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47

In Japan, it usually means "Not correct but not completely incorrect". ○ = Correct △ × = Incorrect The symbols are read, respectively, まる、さんかく and ばつ.


36

○ まる OK; correct; yes; supported; available (like ✔; note that the check mark usually means "wrong" in Japanese examinations) masked/censored character (like * in English used to mask characters in certain words; see this) rival horse; second likely to win (horse race; favorite horse is marked with ◎) win; victory; 白星 (when used as opposed to 黒星 = ● =...


31

The dots, called 傍点【ぼうてん】 (or 圏点【けんてん】), function like italics or underline with the Latin alphabet. They are for emphasis. To see the effect in rōmaji: futatabi kanojo jishin no kuchi kara kiku koto ni naru to wa Update. To answer the question in the comments, 傍点 and ふりがな may be combined (although ふりがな may also be omitted, as in the snippet in the ...


30

There is no strict rule about this. It's best not to use this "~" symbol denoting a range, when it's meant to be read out loud by someone. But if you really have to, you can read the "~" symbol as "から" in many cases. 3~4行ごと さんからよんぎょうごと 2月3~5日 にがつみっかからいつか 15~17階 じゅうごかいからじゅうななかい or じゅうごからじゅうななかい 500~600円 ごひゃくえんからろっぴゃくえん or ごひゃくからろっぴゃくえん Note ...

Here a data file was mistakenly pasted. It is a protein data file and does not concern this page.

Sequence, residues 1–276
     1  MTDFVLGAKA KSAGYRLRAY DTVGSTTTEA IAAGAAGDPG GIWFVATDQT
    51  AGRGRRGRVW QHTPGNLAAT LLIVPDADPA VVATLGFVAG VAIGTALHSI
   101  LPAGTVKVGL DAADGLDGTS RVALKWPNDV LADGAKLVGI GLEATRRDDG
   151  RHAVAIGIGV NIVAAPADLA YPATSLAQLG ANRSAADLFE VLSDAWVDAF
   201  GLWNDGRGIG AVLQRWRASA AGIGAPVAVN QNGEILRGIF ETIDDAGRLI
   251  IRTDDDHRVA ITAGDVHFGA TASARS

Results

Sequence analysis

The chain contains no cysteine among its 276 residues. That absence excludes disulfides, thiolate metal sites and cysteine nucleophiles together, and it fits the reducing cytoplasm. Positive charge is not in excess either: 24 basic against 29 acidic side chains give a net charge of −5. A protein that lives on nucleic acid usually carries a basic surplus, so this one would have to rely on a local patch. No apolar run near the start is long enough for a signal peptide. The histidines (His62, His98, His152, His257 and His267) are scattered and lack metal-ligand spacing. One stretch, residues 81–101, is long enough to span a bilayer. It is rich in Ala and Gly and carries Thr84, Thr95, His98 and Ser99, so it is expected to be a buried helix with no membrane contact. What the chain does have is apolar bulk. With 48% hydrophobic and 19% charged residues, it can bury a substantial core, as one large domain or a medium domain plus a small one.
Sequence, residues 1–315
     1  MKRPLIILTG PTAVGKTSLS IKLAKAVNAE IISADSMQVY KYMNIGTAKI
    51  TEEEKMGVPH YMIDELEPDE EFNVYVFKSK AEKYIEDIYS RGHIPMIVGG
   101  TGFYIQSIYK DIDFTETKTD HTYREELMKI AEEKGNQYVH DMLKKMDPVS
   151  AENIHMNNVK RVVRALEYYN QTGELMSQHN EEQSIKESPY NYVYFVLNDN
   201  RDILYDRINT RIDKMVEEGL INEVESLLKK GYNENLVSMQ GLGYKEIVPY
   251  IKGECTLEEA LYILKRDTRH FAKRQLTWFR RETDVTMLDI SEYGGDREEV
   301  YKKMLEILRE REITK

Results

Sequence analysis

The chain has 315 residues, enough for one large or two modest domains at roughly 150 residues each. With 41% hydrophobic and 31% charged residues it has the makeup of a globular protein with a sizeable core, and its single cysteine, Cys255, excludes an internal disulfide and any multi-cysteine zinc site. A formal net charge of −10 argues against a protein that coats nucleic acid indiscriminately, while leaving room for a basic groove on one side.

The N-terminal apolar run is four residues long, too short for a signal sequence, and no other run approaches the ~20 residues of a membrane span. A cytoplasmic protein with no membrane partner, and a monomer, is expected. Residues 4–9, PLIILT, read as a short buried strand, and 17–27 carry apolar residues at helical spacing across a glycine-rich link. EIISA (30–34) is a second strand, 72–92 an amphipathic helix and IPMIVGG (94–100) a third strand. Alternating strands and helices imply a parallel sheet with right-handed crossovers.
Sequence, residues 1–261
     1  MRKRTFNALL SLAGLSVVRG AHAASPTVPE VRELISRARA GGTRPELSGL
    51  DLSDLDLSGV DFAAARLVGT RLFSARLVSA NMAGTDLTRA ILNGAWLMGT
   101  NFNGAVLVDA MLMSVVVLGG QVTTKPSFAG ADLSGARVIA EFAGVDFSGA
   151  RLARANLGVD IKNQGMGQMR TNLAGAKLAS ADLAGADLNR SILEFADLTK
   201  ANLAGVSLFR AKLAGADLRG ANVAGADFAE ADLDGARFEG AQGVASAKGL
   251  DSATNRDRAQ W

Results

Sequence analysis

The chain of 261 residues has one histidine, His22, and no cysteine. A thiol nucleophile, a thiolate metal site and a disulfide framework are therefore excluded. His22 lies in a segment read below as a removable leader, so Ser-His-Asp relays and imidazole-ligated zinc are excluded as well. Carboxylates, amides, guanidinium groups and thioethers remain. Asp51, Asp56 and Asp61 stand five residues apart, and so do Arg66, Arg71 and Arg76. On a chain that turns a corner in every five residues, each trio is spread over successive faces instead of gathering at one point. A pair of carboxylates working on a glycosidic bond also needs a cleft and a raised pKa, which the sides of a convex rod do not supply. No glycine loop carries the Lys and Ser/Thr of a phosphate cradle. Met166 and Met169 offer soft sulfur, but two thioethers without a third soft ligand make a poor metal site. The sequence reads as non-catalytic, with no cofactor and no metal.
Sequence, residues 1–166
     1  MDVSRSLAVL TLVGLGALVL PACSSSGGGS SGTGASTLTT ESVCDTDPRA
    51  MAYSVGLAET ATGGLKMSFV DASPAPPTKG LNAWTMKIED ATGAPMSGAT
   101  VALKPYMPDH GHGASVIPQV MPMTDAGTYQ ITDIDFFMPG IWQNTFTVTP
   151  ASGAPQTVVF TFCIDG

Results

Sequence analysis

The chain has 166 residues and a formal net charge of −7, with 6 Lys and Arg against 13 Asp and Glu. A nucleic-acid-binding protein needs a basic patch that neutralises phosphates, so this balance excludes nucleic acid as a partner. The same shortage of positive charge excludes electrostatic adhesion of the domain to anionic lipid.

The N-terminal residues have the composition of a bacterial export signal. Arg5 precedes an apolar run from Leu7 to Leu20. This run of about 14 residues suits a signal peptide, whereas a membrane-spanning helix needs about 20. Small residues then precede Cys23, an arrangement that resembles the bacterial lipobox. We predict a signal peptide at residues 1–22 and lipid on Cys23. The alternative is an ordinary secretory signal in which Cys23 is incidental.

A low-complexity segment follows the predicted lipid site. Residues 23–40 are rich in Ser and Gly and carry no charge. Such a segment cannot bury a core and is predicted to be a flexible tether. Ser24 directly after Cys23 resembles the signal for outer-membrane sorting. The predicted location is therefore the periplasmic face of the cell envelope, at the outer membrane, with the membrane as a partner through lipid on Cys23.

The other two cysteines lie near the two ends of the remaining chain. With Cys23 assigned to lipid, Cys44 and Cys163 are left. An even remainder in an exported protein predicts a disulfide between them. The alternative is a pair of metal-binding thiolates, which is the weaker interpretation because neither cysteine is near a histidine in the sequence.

27

This 金〇 is 金麦, a well-known beer brand by Suntory Ltd. You can see the character 麦 on the can. Here 麦 is masked by the circle in order to avoid issues regarding trademarks or conflict of interest. This is a common tradition in Japanese anime/manga industry. In Japanese, a circle is commonly used to sensor a part of a word for various reasons. See also: Why ...


24

It is in a slightly different order in Japanese. First comes Celsius, then the amount, and degrees at the end. This would be one hundred degrees Celsius written out: 摂氏{せっし}100度{ど} Fahrenheit for example would be similar 華氏{かし}100度{ど} Most of the time saying Celsius is redundant though. If someone asks you what is the temperature, you can just say ...


19

「々」is called「同{どう}の字{じ}点{てん}」it is used to repeat 1 previous character. 人人 = 人々 When there are multiple 同の字点 it means to repeat 'n' previous characters. 已及深更、深更後... = 已及深更、々々後... & 令召右大辨、右大辨應召 = 令召右大辨、々々々應召


17

△ means " almost" or "close" in Japan. 惜しい、もう少しで正解 in Japanese.